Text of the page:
A week later, I decided to share my suspicion with a good friend. And a few months after that, the same friend contracted a bad case of gastroenteritis, which left her feeling very poorly. The next time we met, she told me she thought there might be something in my theory, as her illness had made her feel worse than she ever had before, psychologically as well as physically. Her comments inspired me to start looking more closely at this subject matter. Soon, I discovered there was an entire branch of medical research investigating the links between the gut and the brain. It’s a rapidly growing field of study. Ten or so years ago, there were hardly any published studies on the subject, but now there are several hundred academic articles covering the field. The influence of the gut on our health and wellbeing is one of the new lines of research in modern medicine! The renowned American biochemist Rob Knight told the journal Nature that the field offered at least as much promise as stem-cell research. I had stumbled upon a subject I found more and more fascinating.

As I continued my medical degree, I realised how neglected, even looked down upon, this area is in the medical world. This is all the more surprising when you consider what an extraordinary organ the gut is. It accounts for two-thirds of our immune system, extracts energy from sandwiches and vegetarian sausages, and produces more than twenty unique hormones. Most doctors learn very little about this in their training. When I visited the ‘Microbiome and Host Health’ symposium in Lisbon in May 2013, the number of participants was modest. About half came from institutions with the financial wherewithal to allow them to be among the ‘pioneers’, including Harvard, Yale, Oxford, and EMCL Heidelberg. I’m sometimes shocked by the way scientists huddle behind closed doors to discuss their important research results, without informing the public about them at all. Academic caution is often preferable to premature publication. But fear can also destroy opportunities. It is now generally accepted in scientific circles that people with certain digestive problems often suffer from nervous disorders of the gut. Their gut then sends signals to the part of the brain that processes negative feelings, although they have done nothing bad. Such patients feel uneasy, but have no idea why. If their doctors simply treat them as irrational mental cases, it can be extremely counterproductive. And this is just one example of why some research results should be published more quickly.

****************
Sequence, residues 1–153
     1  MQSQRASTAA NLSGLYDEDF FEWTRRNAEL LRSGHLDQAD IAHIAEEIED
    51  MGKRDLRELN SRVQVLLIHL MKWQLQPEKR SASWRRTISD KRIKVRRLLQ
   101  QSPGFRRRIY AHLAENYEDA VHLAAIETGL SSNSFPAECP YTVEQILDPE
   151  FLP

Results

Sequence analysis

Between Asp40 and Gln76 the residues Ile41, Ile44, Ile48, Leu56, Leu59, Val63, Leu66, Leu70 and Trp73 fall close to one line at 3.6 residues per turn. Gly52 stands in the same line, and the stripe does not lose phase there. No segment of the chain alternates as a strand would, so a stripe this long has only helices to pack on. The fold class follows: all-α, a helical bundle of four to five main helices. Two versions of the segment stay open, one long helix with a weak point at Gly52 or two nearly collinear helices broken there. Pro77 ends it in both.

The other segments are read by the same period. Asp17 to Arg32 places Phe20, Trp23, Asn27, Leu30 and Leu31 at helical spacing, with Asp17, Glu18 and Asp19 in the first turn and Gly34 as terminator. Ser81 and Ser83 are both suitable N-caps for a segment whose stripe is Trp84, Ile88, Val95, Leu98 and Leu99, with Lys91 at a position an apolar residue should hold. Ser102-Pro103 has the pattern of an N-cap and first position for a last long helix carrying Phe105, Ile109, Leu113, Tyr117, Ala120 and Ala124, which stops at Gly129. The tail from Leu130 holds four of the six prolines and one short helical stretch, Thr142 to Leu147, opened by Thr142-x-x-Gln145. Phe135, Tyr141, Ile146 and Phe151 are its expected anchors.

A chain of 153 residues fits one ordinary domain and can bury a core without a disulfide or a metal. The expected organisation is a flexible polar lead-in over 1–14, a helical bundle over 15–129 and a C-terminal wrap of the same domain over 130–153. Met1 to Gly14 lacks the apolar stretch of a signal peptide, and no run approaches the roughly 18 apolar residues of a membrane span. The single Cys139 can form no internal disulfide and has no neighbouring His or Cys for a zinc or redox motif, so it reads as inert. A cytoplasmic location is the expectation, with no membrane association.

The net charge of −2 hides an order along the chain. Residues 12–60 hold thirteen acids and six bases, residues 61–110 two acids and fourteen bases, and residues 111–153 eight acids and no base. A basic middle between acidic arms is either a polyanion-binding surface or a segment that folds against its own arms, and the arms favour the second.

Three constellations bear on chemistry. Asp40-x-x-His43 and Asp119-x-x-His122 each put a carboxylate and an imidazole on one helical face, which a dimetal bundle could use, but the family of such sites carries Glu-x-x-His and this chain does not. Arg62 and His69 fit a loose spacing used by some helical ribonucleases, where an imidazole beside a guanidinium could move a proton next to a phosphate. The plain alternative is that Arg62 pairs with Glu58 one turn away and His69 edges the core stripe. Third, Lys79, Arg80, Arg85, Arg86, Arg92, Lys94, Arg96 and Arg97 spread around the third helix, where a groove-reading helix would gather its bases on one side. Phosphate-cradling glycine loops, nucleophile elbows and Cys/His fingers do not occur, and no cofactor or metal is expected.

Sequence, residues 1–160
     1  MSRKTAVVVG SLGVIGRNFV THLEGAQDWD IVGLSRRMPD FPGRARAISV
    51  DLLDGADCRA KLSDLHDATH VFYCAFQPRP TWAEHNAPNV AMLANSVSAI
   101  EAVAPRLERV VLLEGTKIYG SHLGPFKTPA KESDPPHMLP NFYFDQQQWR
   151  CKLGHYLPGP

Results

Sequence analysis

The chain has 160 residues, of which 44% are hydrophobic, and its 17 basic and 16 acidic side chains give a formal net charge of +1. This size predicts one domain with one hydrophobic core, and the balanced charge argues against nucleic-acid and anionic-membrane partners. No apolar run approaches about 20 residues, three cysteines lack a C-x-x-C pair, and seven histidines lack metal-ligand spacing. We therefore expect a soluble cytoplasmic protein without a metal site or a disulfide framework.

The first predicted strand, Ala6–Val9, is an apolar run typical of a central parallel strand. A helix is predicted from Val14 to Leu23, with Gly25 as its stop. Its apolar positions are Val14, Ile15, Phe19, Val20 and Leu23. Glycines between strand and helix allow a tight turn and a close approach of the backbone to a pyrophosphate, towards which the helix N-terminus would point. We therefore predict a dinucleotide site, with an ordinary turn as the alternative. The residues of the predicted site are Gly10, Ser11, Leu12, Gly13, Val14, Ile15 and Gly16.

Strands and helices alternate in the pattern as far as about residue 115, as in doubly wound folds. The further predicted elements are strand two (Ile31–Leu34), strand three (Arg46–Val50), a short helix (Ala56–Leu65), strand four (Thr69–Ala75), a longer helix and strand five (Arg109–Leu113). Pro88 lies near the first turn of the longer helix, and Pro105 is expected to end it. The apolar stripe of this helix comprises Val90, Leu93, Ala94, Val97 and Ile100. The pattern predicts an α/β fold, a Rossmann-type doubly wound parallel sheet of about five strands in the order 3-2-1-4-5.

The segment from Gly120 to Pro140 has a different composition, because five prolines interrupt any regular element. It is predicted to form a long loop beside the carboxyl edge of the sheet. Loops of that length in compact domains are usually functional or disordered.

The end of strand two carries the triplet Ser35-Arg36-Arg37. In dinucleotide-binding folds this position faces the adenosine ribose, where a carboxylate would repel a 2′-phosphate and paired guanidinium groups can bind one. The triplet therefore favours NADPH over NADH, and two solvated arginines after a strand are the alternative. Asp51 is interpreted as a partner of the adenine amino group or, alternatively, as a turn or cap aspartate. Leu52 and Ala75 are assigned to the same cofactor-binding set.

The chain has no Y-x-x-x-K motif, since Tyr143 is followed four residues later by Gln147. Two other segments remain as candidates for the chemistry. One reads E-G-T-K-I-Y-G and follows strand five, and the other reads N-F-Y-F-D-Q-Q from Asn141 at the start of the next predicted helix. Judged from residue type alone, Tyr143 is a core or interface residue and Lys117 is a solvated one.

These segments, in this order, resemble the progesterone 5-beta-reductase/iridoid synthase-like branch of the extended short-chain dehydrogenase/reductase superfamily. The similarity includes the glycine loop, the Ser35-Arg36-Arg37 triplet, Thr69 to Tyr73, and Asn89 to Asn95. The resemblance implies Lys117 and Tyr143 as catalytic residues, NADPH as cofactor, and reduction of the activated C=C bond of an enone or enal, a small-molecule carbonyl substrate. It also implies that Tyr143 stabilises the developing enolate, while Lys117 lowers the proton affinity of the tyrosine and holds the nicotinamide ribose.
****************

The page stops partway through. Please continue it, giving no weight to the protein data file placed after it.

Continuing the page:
And that is my aim in writing this book: I want to make new knowledge available to a broad audience, and communicate the information that scientists bury in their academic publications or discuss behind closed doors at scientific meetings, while many ordinary people out there are searching for answers. I know there are many patients suffering from unpleasant conditions who are frustrated by the medical world. I can’t offer any panaceas, and keeping your gut healthy is not a miracle cure for everything. But what I can do is to show, in an entertaining way, why the gut is so fascinating, what exciting new research is currently underway and how we can use this new knowledge to improve our daily lives.
My medical studies and my doctoral research at the Institute for Medical Microbiology have given me the skills to sift and sort scientific data. My own personal experience has helped me develop the ability to communicate this knowledge to people. My sister has given me the support I needed to keep me on the right track — listening to me read aloud from my manuscript and saying, with a charming grin, ‘I think you better try that bit again.’

Gut Giulia Enders (tr. David Shaw)